In Philip Timms' Vancouver, the city's "golden age" has been captured with spirit and style by one of British Columbia's foremost photographers. Philip Timms was a man of many accomplishments, but one of the most notable was his photographic record of Vancouver and the Lower Mainland, created between 1900 and 1910. As Vancouver evolved from a colonial outpost to a modern centre of industry and tourism, Timms sought to preserve views of the maturing city and its people, from landmark buildings to street scenes to children and families.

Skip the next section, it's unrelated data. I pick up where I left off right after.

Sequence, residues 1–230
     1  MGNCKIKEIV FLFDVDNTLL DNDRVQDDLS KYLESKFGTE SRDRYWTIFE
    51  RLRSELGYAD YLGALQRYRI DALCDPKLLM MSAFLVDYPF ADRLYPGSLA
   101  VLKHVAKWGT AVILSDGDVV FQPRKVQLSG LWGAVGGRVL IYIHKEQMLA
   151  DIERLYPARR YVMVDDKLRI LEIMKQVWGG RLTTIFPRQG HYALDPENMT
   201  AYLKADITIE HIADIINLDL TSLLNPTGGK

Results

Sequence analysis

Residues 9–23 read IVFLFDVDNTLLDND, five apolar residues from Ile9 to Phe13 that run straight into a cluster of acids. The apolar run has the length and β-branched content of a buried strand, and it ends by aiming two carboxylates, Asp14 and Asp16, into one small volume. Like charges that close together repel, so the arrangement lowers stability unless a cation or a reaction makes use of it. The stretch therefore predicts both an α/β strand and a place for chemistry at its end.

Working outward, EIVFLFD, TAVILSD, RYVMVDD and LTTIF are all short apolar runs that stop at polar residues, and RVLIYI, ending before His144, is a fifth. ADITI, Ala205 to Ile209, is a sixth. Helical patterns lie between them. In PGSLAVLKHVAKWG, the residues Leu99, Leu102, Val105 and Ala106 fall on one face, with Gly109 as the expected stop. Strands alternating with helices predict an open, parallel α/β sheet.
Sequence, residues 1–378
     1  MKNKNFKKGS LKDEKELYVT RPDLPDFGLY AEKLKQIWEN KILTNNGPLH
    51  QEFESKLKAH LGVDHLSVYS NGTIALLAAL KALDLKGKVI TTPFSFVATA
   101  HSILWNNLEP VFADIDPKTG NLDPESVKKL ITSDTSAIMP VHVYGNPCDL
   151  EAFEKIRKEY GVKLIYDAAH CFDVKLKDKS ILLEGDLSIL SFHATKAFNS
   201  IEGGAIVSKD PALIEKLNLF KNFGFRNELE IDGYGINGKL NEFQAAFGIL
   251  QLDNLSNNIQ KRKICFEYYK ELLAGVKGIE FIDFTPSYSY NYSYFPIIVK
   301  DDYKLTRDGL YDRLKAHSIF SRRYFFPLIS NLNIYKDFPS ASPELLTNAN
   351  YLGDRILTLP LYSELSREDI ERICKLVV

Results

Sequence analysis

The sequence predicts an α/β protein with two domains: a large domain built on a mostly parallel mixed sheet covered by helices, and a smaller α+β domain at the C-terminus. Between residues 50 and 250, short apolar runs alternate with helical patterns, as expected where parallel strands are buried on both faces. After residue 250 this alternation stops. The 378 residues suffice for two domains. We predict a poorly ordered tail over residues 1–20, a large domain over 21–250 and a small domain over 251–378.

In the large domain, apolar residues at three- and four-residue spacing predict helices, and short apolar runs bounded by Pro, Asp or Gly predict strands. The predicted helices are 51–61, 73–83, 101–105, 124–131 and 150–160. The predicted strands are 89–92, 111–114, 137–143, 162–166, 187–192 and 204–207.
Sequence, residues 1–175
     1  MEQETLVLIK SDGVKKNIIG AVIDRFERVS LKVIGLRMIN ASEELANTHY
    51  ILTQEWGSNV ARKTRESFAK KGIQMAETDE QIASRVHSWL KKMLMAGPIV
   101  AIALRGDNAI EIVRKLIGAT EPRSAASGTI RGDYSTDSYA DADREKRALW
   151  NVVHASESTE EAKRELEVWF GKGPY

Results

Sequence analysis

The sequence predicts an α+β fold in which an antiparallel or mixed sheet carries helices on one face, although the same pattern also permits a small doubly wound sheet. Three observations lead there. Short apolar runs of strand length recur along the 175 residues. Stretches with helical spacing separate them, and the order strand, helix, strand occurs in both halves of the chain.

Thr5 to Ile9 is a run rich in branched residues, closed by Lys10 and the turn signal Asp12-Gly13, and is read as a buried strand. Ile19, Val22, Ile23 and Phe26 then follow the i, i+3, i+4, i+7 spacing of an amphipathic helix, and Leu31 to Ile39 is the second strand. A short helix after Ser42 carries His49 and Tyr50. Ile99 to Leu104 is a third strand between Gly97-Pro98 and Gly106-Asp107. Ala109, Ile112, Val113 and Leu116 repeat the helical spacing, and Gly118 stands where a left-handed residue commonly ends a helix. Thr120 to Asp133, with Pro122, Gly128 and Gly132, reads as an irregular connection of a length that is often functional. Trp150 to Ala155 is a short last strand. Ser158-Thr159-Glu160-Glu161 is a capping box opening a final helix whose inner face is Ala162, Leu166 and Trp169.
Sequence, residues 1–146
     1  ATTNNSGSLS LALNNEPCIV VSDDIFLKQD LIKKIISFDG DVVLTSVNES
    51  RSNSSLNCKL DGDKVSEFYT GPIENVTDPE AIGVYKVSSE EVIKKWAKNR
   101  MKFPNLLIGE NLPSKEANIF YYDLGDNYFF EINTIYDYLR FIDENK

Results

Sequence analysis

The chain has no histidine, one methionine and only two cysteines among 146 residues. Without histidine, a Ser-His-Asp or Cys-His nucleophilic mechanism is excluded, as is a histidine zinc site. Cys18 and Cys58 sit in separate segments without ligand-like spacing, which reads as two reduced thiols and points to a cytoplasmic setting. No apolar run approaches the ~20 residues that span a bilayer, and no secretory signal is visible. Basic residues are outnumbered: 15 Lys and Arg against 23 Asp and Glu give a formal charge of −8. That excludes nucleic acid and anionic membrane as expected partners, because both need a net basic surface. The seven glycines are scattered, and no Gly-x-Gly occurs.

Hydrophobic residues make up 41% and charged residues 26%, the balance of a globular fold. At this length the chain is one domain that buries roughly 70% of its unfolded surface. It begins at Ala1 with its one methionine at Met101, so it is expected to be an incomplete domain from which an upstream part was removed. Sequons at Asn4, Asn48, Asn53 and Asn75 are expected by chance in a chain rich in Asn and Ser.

James B. Stanton, a former curator of history at the Vancouver Museum, wrote: "All of Timms' photographs have a certain recognizable quality about them; much of the kindness and gentleness of the man himself comes through. His shots are candid and uncluttered and capture dramatically the feeling and mood of the time."
Fortunately, Vancouver's adolescence coincided with the "golden age of postcards," when billions of them were being sent, exchanged and hoarded all over the world. By 1910, numerous photographers were producing postcards in the Vancouver area, but Philip Timms stood well above the others. This sampling of Timms' best work is full of life: people in action on the streets, in the parks, on the waterfront and on ships.